How to Motivate Friends, Team and Family

Do not offer foods (like this strawberry sundae!) that may sabotage his/her efforts.

Frustrated that a friend, teammate or family member really needs to lose weight, but just isn’t getting anywhere?  Motivating someone else is very tricky—some would say it’s impossible.  Pushing, prodding, nagging, begging, bartering, manipulating, criticizing and shaming will not work.  What can you do?

We’ve broken the process down into two simple steps:

Step One:  Be aggressively supportive, with no pressure.

It’s a delicate balance.  If you can walk this fine line, you just might succeed in motivating the dieter!

  1. Too much pressure will have the opposite effect that you intend.  You’re likely to make the dieter feel anxious and alone, which may lead to unhealthy eating!  Plus, the dieter may start avoiding you, which renders you powerless to help.
  1. Being a good listener is one of the most powerful weight loss weapons.  Ask the dieter what you can do to help him/her lose weight, but do not go any further unless asked.  Don’t express your specific worries (like “I’m nervous that you’re going to have a heart attack”) if your intention is to manipulate (see the previous bullet).  It’s often best to wait until the dieter has opened the door.
  1. Be a role model and active participant:
  • Eat some of their diet foods with them, have a salad with them at lunch, or at least taste the foods they make.
  • If the dieter joins a gym, join too (if you can)!
  • Make it easy for the dieter to join you as you eat healthfully, offering to provide meals or snacks that you are eating yourself.
  • Invite the dieter to help you walk the dog, or just go for a walk, a jog, a game of tennis or a swim—anything active.
  • Do not offer foods that may sabotage his/her efforts.

4. Be a cheerleader—not a coach!

  • Don’t find fault.  Look for ways to applaud the dieter them for reaching goals, or at least for trying.
  • When they’ve had a bad day, listen but don’t judge.
  • Help the dieter find a non-food-based incentive plan (like HealthyWage).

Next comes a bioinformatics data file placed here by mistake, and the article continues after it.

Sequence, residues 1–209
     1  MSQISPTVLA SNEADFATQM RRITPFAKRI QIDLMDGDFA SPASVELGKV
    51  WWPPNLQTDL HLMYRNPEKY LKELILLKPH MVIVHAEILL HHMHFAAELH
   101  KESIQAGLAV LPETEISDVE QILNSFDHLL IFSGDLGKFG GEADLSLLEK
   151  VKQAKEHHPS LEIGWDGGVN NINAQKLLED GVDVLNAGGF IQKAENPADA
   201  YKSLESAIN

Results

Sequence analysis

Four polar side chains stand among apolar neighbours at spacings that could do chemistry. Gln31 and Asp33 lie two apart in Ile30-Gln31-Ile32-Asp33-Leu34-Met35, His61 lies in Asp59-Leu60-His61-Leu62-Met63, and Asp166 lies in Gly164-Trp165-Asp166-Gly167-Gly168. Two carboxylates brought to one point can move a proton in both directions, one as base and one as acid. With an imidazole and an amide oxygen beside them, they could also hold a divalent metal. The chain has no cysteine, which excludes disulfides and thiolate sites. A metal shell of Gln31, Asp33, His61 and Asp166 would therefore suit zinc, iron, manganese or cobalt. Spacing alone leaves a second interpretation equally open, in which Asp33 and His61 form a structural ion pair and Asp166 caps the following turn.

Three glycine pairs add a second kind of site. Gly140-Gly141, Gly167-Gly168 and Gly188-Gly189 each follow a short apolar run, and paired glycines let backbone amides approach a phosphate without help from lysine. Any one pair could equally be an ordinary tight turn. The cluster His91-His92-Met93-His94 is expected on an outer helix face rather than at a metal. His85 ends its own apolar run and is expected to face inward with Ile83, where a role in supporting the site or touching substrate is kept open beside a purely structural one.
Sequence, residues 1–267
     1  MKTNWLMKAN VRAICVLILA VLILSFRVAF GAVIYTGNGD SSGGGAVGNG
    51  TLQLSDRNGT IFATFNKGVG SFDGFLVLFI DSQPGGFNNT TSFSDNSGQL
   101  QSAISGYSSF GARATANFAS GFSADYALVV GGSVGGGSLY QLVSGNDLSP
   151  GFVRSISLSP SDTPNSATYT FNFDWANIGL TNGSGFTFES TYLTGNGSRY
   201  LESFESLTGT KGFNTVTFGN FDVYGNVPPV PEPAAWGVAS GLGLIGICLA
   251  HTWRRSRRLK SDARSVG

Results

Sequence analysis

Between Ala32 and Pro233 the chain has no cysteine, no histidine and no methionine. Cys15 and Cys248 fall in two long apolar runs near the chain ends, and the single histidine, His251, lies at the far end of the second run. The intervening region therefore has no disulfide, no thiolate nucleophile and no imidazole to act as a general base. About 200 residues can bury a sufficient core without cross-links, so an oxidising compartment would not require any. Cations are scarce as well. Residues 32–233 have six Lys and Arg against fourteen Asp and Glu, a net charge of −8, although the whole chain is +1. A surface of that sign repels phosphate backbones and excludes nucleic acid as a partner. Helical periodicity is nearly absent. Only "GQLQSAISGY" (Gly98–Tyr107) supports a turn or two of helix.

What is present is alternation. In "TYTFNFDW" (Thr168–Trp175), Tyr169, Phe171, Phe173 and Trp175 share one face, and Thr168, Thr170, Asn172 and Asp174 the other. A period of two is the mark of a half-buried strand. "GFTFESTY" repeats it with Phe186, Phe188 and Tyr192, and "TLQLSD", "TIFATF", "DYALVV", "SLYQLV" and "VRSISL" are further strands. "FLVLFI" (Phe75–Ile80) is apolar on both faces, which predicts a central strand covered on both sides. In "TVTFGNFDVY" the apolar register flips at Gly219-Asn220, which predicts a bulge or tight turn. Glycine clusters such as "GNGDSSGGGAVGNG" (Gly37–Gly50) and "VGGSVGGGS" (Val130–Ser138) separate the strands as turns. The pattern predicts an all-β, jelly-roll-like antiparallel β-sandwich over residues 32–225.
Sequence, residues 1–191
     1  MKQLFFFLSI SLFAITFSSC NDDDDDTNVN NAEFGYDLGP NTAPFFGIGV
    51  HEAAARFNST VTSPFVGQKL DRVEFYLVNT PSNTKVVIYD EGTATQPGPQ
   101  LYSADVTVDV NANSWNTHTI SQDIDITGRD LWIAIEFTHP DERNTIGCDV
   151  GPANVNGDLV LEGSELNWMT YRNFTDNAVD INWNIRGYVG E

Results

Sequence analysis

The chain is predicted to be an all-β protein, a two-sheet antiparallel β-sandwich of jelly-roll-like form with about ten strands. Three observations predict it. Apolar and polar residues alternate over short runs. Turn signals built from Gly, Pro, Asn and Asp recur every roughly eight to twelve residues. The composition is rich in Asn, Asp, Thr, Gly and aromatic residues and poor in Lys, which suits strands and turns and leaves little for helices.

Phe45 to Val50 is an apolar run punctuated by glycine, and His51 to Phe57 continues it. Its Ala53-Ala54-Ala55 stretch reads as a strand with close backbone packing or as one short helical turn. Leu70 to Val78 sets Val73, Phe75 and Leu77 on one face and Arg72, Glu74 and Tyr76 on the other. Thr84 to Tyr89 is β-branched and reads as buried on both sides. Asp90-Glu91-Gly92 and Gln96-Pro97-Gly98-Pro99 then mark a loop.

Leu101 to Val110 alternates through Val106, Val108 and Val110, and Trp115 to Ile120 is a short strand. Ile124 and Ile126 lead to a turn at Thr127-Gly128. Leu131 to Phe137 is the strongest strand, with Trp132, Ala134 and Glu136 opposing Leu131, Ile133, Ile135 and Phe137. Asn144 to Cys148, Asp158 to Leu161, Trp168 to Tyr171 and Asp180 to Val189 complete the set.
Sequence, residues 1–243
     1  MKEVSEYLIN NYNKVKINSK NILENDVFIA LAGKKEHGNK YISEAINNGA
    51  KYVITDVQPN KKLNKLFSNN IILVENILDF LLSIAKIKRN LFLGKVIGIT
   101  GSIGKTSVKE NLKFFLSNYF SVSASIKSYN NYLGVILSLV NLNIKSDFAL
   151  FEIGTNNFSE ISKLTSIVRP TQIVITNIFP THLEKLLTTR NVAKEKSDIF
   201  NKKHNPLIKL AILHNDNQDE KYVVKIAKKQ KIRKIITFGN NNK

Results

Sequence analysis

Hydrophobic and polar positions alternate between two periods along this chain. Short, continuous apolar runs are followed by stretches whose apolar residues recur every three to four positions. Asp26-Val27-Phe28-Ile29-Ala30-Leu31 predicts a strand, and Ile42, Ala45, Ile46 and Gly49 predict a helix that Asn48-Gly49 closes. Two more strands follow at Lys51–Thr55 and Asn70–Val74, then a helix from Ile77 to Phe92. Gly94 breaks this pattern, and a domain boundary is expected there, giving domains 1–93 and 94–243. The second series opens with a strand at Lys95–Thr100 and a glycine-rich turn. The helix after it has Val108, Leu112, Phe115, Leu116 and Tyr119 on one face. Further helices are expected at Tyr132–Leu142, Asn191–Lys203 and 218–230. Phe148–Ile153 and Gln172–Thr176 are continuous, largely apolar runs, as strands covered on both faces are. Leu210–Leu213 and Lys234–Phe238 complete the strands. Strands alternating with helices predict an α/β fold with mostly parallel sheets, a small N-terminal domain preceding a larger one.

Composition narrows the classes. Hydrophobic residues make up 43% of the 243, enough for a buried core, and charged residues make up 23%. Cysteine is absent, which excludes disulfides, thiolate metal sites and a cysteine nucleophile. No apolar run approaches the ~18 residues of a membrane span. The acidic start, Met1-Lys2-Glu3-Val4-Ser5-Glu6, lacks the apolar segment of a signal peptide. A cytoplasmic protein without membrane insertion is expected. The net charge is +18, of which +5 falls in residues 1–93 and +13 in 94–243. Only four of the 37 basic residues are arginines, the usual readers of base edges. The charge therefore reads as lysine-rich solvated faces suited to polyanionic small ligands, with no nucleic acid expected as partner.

Step Two:  When the time is right, be prepared to give great advice.

  1. Help the dieter set a specific goal for weight loss, based on doctor recommendations.  Make sure the goal is specific and reachable within a realistic time frame.
  1. Help the dieter identify what it is in their life that triggered their weight gain or overeating and how to deal with it.  For example, some people overeat as a physical reaction to emotional trauma.  Be someone the dieter can turn to for support (see Step One, above).
  1. Reward good behavior and the accomplishments of goals and milestones, but not with food. Take your friend or loved one out for a movie, a shopping spree or a makeover when she meets a short-term weight-loss goal.
  1. Discuss diet options and methods for losing weight.  Help the dieter learn about and choose a diet—it helps to search Google or visit the bookstore’s health and wellness section.  These things may seem obvious (and you may know all about the various diet options), but you may be surprised by how little the dieter really knows.
  1. Help the dieter make a commitment to start.  Pick a date (how about tomorrow?).  Whatever day the dieter agrees to, call the dieter in the morning to offer support, and encourage him/her to call you or someone else to talk through any cravings.  He/she may be frightened by the commitment.  That’s where the love comes in (see, once again, Step One, above.

We’ll explore more great ideas for motivation in coming weeks!!

—Marty, the HealthyWage coach